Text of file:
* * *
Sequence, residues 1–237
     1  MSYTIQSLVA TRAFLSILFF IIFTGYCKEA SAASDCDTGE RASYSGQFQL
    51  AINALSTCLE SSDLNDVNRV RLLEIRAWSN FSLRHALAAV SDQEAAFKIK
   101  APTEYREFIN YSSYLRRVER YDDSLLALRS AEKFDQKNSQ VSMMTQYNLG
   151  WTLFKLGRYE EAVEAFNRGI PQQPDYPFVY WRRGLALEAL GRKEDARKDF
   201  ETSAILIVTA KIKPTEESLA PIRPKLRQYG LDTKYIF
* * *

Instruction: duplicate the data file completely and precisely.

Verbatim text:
Sequence, residues 1–237
     1  MSYTIQSLVA TRAFLSILFF IIFTGYCKEA SAASDCDTGE RASYSGQFQL
    51  AINALSTCLE SSDLNDVNRV RLLEIRAWSN FSLRHALAAV SDQEAAFKIK
   101  APTEYREFIN YSSYLRRVER YDDSLLALRS AEKFDQKNSQ VSMMTQYNLG
   151  WTLFKLGRYE EAVEAFNRGI PQQPDYPFVY WRRGLALEAL GRKEDARKDF
   201  ETSAILIVTA KIKPTEESLA PIRPKLRQYG LDTKYIF